Everybody talks about the bathrooms in this place and you know I’m one to follow the pack. Floor to ceiling glass with a view of the Empire State skyline and a sheer drop to the streets that once smelled of entrails from actual meat packing. There’s also this freaky little bit of space between the glass and the floor. No one ever mentions that. But everybody says the bathrooms are amazing. True. Except every time I ask myself the totally obvious question: what if I were on LSD? Doesn’t anyone else ask themselves this? Because, I mean, not so much next door at the Boom Boom Room, but Le Bain really tends to play some pretty decent music…decent enough to consider LSD. It’s not like you’d be interrupted by having to hear Jay-Z’s voice every half-hour. Or Lady Gaga’s. Now that’s a bad trip waiting to happen. So every time I, like, wonder if they’ve ever had this problem, because when I’m in there, I just want to attach myself to the window…you know, just get like all up next to it like a fish pressed up on the bowl…because I’ve been waiting all night to finally get some quality alone time with the window. So hot…and I’m not even high. But just imagine if I were! It could be so…confusing, you know? Perhaps it already is.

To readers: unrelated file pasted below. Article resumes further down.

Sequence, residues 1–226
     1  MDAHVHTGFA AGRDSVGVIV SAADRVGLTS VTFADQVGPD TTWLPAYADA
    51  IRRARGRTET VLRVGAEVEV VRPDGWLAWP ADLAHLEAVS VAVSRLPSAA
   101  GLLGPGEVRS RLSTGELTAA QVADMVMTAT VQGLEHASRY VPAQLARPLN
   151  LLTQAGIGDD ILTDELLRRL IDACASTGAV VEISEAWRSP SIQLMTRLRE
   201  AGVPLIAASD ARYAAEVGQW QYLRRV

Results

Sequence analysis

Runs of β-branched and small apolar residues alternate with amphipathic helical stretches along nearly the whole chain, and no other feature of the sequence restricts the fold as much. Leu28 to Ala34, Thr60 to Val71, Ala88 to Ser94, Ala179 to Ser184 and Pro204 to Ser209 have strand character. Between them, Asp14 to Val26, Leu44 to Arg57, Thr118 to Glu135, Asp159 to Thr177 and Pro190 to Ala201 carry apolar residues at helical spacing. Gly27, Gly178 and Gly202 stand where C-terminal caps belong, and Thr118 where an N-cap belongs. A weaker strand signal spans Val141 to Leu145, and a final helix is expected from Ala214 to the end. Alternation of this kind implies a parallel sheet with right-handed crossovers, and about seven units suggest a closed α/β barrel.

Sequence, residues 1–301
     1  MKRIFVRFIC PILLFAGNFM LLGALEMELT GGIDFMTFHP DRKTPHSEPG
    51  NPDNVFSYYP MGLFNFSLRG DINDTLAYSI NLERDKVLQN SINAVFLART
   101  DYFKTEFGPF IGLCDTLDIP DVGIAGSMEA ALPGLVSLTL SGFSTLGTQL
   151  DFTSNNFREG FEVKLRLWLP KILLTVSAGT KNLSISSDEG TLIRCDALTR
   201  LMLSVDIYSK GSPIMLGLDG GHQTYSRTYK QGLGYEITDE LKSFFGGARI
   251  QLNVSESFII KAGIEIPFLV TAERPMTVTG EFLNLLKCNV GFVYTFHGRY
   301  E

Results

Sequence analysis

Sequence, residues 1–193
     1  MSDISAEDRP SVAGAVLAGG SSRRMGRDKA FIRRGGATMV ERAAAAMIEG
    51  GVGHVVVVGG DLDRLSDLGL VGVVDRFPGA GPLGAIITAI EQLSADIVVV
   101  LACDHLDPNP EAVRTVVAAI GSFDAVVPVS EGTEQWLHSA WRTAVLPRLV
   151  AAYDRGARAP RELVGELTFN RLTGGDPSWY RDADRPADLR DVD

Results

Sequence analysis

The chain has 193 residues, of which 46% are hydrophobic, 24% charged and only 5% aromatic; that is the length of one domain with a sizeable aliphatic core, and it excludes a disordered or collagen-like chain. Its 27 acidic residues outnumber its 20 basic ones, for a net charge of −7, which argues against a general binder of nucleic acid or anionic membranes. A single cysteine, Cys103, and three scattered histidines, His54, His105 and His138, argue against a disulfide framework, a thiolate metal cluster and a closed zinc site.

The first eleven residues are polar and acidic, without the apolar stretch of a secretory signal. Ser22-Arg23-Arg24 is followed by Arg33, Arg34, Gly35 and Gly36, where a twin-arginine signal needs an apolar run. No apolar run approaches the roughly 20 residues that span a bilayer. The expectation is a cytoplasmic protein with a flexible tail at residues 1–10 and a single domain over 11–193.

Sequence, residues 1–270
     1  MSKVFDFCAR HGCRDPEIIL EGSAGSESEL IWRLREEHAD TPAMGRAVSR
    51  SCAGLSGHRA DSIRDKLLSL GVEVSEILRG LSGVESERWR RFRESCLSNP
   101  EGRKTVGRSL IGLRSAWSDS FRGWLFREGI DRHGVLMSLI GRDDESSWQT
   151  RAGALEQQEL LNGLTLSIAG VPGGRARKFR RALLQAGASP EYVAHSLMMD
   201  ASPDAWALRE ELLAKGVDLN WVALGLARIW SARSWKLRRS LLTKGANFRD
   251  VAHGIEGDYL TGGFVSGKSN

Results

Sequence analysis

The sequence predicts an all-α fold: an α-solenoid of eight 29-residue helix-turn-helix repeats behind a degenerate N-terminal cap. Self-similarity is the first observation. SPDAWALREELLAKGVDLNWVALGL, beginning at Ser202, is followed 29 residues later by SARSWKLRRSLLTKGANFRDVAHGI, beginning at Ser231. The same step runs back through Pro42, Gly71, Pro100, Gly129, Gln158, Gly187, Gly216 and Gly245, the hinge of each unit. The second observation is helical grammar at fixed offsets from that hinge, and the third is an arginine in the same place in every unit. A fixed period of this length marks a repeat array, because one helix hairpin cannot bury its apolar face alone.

At 3AM, I decide that I absolutely have to tear myself away from the beautiful man from Malta who has some sweet swing dance moves, a Polo shirt, and a wildly fun French gay friend who bit my leg. Cruising up the West Side Highway to my uptown lair, I could even entertain some Jay-Z at this point, but it’s almost better with just the sound of the cars.

Flaunt It

Behind the scenes as Ayesha Adamo shoots with John Rusnak for Flaunt Magazine

Just finished this great shoot for Flaunt Magazine with photographer John Rusnak at a secret handmade hooked rug location in the Bronx. Rusnak sets up his shots so meticulously that he doesn’t need to take many, though he does use a combination of black and white Polaroid and digital color. This was a hand/parts shoot for me, so the She-Buddha was the real star. Well…the She-Buddha and the Cartier jewelry that always shows up with a bodyguard. Diva.